First E-commercial aircraft tested

First E-commercial aircraft testedJanuary 10, 2020

First E-commercial aircraft tested
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Electromobility is not only aiming to conquer the road, it is also on its way to take to the skies. In addition to the car, air travel will also become electric in the future. The planned e-jets have so far been nothing but visions.


For the airline Harbour Air In Canada this vision became reality in December 2019! The world’s first fully electrically powered commercial aircraft has successfully passed its test flight.


The electric-powered seaplane took off from Vancouver Airport and did a lap over the Fraser River. It is the first E-Aircraft developed for commercial use.


The zero-emission commercial aircraft is based on a 62-year-old six-seater DHC-2 aircraft, which was previously powered by a piston engine. However, the US company MagniX from Seattle has converted the aircraft to electric propulsion.

The electric motor has an output of 761 hp and draws its power from a 200 kWh battery. However, the energy storage is currently only sufficient for a flight duration of about 30 minutes. The time to charge the battery is also 30 minutes.


Harbour Air transports around 500,000 passengers annually over short distances along the Canadian Pacific coast. The tested E-Flyer has a range of 160 kilometres. This is enough for most of the flights offered by Harbour Air.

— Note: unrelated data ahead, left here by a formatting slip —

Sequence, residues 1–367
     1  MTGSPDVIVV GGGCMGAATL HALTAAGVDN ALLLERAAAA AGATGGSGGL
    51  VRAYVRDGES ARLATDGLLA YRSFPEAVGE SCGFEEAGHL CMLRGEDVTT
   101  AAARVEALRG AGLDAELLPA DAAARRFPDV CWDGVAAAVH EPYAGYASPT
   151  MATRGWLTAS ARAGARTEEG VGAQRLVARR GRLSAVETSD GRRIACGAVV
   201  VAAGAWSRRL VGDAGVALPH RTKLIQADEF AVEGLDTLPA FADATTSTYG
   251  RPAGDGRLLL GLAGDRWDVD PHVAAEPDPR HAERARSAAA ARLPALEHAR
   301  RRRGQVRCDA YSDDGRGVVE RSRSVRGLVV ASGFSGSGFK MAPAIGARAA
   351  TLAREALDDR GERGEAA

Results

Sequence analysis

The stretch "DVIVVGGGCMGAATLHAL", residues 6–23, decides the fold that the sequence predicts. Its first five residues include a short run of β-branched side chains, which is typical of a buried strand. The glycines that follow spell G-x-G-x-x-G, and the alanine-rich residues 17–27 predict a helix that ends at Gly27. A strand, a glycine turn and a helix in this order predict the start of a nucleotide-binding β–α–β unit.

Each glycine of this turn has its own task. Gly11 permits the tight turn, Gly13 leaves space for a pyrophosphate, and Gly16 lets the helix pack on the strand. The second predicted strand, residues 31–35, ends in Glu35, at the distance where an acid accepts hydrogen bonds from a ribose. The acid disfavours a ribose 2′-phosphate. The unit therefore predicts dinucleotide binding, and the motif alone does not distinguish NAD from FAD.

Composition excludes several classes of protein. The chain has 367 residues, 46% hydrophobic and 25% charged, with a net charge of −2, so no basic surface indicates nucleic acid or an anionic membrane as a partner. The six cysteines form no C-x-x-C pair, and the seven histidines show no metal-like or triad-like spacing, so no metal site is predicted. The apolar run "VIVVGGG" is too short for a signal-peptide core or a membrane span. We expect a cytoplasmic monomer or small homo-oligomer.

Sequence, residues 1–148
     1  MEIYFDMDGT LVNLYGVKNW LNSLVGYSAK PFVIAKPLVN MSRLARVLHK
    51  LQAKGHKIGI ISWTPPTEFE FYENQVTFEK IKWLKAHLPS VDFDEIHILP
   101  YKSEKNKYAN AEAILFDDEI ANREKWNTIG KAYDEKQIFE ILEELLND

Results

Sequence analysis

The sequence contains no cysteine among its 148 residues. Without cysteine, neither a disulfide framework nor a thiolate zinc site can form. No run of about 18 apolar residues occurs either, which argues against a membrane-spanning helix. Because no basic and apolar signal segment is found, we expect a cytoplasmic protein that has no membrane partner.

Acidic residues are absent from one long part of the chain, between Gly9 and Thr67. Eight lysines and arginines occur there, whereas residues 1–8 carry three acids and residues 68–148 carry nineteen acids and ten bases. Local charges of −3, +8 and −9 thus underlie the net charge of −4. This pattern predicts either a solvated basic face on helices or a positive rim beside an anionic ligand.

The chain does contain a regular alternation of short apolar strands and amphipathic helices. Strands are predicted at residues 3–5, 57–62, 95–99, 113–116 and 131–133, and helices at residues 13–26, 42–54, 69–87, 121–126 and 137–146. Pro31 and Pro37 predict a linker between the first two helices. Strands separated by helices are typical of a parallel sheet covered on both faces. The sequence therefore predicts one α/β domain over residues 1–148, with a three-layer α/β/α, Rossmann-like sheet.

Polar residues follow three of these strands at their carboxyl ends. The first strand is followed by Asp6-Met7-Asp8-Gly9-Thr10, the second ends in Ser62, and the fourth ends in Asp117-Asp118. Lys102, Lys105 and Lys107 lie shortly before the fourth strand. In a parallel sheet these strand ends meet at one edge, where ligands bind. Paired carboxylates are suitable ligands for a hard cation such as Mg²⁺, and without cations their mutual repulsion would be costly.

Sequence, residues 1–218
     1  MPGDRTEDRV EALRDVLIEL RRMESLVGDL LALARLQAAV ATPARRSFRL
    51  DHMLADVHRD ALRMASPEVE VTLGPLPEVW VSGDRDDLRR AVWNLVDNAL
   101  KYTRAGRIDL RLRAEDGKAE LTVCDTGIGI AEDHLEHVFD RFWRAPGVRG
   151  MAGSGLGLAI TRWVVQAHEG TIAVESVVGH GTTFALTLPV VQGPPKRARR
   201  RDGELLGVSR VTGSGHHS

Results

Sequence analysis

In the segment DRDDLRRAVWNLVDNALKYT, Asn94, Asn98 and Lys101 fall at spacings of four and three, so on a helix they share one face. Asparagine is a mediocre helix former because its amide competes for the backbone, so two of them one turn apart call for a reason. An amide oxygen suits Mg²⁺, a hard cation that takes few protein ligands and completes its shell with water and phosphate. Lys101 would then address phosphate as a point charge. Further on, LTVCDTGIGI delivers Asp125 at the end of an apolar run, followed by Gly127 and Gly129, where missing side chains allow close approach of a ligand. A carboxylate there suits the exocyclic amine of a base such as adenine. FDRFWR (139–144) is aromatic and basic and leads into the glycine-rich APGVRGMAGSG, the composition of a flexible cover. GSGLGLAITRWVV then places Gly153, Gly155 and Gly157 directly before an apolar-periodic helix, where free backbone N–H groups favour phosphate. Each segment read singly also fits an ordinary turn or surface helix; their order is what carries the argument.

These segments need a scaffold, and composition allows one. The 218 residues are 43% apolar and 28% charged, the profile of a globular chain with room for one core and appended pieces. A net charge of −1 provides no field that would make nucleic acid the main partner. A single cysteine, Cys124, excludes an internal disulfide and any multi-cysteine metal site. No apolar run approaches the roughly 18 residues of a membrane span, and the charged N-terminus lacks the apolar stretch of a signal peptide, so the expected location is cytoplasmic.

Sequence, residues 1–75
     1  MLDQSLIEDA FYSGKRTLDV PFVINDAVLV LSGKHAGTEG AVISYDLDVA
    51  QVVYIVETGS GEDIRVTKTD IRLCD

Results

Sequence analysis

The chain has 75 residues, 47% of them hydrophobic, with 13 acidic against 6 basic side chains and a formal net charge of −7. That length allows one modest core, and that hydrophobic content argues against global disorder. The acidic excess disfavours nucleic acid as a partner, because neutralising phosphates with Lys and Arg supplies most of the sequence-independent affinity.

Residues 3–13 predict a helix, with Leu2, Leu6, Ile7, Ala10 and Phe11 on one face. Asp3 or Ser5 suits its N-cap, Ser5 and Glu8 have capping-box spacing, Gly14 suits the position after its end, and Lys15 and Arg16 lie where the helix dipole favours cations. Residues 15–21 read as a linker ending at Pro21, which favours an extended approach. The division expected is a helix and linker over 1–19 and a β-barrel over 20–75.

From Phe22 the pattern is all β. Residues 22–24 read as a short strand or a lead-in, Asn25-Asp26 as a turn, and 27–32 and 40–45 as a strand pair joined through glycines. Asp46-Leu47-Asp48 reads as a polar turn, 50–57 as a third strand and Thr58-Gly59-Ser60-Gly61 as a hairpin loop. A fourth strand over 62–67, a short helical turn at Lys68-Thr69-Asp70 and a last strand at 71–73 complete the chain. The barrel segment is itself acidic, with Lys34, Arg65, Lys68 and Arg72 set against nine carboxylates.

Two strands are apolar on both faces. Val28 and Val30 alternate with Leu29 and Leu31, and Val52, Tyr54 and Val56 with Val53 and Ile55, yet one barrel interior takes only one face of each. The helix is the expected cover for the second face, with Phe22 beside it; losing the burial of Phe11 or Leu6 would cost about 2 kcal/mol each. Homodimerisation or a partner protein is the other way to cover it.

Harbour Air’s goal is to convert the entire fleet of around 40 seaplanes. Apart from savings compared to aircraft fuel, the company could save millions in maintenance costs, as electric motors are “drastically” less maintenance-prone. Is this the beginning of the electric aviation age?


Environmentally friendly flying

However, before the drive can go into series production, further tests are necessary to prove its safety and reliability. The airline must first wait for certification by the Canadian and US aviation authorities. Such approvals usually take between two and three years. Harbour Air anticipates approval for 2021 and subsequent use of converted e-planes in scheduled operations.


The e-plane could set a trend towards environmentally friendly flying. So far, the aviation industry is by far the most climate-damaging transport industry, according to the EU environmental authority EEA, with 285 grams of CO2 per passenger and kilometre.  It is responsible for two percent of global CO2 emissions.

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